Given 3 V forward voltage and 100 Ohm series resistor one LED presumably leads to a current of about 20 mA. But since you intent to drive two LEDs in parallel (so 40 mA) from each pin, you're well out of spec and hitting Absolute Maximum Ratings:

DC current rating, source:

DC Current per I/O Pin . . . . . . . . . . . . . . . . . . 20 mA

Absolute Maximum Rating, source

DC Current per I/O Pin . . . . . . . . . . . . . . . . . . 40.0mA

Furthermore you intend to connect 18 pairs of LEDs (give or take the red LEDs). This would be a total current of 720 mA which is significantly above the limits of the microcontroller. Consider that all the current flowing through the LEDs into the GPIO pins also needs to flow to VCC through the controllers power supply lines (just two pins!). Those have limits too:

Absolute Maximum Rating, source

DC Current VCC and GND Pins . . . . . . . . . . 200.0mA

You need an external driver (such as the ULN2803, as presented in this answer) or transistors.

  • I apologize for the confusing schematics. The Arduino i used in the fritz was a micro, not a nano. The major difference is the micro has two additional rows of pins that i am not using see image here: link – Andrew Metzger May 3 '17 at 21:20
  • @AndrewMetzger, Micro, Macro, Nano, Uno, Mega... It doesn't matter, all run at 5V. Your schematics won't work.Ghanima is giving you basic, but MUST components. Also i would suggest to use ULN2803 chips. Easy to use transistors. You won't need to calculate resistors for transistors :D – Martynas May 3 '17 at 21:32
  • As to the resistors, i have tested it on an uno without having any issues but I can add them onto the circuit. Based on a calculator i used online, i would need 30ohms of resistance for the reds and for the whites the current is too low, which i am fine with a lower output. – Andrew Metzger May 3 '17 at 21:32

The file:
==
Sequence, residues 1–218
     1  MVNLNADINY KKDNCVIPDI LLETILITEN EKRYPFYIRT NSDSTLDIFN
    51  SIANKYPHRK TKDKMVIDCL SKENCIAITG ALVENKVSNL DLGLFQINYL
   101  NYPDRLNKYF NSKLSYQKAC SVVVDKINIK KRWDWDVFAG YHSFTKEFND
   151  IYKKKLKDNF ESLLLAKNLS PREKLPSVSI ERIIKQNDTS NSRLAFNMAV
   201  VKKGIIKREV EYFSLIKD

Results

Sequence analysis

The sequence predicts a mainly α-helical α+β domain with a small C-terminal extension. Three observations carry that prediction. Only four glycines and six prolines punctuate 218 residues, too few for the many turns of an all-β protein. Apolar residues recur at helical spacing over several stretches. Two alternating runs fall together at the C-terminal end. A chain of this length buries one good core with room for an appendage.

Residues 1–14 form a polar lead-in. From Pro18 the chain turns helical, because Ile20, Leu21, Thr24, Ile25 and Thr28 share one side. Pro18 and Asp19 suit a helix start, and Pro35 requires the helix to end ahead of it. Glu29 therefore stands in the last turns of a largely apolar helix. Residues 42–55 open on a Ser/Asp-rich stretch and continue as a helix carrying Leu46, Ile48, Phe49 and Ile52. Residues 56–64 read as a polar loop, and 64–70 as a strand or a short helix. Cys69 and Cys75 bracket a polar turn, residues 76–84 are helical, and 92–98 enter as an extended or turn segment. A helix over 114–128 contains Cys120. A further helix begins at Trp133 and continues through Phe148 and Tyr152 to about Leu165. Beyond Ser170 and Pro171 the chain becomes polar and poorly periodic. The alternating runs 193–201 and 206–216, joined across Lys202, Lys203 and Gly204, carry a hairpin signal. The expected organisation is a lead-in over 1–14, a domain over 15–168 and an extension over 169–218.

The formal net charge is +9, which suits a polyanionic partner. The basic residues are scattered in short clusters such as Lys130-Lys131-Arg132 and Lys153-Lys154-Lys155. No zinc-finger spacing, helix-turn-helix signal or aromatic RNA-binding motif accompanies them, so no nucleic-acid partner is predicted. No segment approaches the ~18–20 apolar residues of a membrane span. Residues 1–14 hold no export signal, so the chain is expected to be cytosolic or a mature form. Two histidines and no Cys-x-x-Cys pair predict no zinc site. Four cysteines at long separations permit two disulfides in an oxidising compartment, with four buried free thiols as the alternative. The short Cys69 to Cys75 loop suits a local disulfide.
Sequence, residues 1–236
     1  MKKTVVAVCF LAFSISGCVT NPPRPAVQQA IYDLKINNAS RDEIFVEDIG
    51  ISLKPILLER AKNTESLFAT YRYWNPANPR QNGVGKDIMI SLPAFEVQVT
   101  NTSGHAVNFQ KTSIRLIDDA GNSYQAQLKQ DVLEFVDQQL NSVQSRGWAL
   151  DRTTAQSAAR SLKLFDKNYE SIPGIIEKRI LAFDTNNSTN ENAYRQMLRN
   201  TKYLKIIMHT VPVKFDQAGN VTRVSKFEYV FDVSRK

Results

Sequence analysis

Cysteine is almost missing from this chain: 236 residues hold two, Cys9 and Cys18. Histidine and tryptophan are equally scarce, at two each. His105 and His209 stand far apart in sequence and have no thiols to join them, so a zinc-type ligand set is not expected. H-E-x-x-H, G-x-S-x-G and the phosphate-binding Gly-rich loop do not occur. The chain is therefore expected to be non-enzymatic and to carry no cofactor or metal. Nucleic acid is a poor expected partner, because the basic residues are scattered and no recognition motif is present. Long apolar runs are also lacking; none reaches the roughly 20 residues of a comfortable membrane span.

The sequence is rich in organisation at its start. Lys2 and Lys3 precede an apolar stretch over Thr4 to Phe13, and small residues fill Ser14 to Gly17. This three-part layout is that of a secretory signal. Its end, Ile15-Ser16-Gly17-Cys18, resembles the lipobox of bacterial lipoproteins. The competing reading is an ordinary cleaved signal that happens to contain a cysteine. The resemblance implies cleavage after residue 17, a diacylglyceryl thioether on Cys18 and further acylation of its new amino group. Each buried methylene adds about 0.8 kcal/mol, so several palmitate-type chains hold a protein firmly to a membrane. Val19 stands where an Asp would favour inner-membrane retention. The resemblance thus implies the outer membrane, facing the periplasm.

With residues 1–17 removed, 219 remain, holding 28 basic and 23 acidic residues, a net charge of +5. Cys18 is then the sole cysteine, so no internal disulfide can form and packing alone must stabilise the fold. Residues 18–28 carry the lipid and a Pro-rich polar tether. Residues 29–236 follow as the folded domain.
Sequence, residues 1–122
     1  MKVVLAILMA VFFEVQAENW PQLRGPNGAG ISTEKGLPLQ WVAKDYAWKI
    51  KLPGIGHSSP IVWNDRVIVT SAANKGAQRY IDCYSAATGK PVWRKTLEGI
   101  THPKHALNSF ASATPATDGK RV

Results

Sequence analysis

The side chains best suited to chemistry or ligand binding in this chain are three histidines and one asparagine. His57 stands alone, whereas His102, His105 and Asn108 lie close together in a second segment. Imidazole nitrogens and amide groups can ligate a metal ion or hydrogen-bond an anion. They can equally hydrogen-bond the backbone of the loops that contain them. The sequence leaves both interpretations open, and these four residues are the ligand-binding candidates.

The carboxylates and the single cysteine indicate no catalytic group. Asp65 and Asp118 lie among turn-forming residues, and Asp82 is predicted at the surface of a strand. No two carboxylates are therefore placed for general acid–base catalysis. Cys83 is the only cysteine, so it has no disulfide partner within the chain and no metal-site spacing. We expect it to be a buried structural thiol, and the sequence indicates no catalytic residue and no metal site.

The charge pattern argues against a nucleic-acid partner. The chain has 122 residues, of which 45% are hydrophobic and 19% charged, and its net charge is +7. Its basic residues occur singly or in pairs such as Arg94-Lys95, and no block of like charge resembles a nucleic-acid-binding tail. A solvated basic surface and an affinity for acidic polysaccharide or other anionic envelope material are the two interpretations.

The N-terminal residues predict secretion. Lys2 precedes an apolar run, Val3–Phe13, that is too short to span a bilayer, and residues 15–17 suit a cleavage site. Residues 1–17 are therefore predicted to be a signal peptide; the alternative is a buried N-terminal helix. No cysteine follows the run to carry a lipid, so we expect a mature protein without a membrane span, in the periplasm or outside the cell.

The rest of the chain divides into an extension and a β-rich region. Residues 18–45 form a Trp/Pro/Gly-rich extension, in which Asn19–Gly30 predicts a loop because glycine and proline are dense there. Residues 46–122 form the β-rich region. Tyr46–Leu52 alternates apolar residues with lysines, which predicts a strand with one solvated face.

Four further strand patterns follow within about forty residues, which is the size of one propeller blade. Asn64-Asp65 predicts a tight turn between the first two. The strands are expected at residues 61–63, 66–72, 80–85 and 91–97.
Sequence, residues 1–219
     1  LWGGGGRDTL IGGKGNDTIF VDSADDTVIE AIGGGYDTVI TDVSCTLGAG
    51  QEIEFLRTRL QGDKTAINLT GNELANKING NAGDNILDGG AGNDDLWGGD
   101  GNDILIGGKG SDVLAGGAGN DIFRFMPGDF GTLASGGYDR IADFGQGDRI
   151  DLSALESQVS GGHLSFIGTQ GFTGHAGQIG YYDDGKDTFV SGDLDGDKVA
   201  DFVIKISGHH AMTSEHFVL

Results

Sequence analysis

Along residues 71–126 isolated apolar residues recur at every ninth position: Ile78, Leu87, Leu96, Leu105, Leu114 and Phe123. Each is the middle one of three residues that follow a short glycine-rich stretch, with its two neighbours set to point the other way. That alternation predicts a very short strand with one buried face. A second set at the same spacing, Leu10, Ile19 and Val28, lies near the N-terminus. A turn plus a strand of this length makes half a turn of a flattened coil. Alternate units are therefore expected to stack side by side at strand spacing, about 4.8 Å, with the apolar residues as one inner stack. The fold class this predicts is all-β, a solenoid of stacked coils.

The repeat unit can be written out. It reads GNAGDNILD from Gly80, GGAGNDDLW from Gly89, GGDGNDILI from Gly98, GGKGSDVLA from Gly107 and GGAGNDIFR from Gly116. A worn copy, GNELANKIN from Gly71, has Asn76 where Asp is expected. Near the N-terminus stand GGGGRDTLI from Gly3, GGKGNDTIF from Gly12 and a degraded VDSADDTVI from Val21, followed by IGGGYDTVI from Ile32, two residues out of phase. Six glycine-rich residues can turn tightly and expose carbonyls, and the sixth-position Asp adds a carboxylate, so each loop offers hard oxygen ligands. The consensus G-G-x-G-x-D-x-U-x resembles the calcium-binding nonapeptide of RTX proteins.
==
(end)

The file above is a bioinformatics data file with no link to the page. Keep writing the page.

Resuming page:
• Additional, your arduino will burn in first few seconds, because the current will be to big. you should not drive LEDs from Arduino – Martynas May 3 '17 at 21:34
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I am putting all comments here as answer. Micro, Macro, Nano, Uno, Mega... It doesn't matter, all run at 5V. Your schematics won't work.Ghanima is giving you basic, but MUST components. Also i would suggest to use ULN2803 chips. Easy to use transistors. You won't need to calculate resistors for transistors :D

Additional, your arduino will burn in first few seconds, because the current will be to big. you should not drive LEDs from Arduino.

To make it SUPER COOL i would suggest WS2812B LEDs. They need 5V, GND, and Data in. And you can make it any color you want and control all LEDs separately.

Some video about WS2812B

I would strongly recommend it.

  • Thank you so much for the advice. If I had not already programmed this using the Arduino I would definitely look into your suggestion of the alternate chip. Provided I add the resistors has everyone suggested comma would the circuit work with the ground wire the way it is? – Andrew Metzger May 3 '17 at 22:57
  • This chip does not require to change your code, and it is easiest to change few lines in your code, rather than make new pcb. When i will get back home i will make few hints for you. – Martynas May 4 '17 at 18:35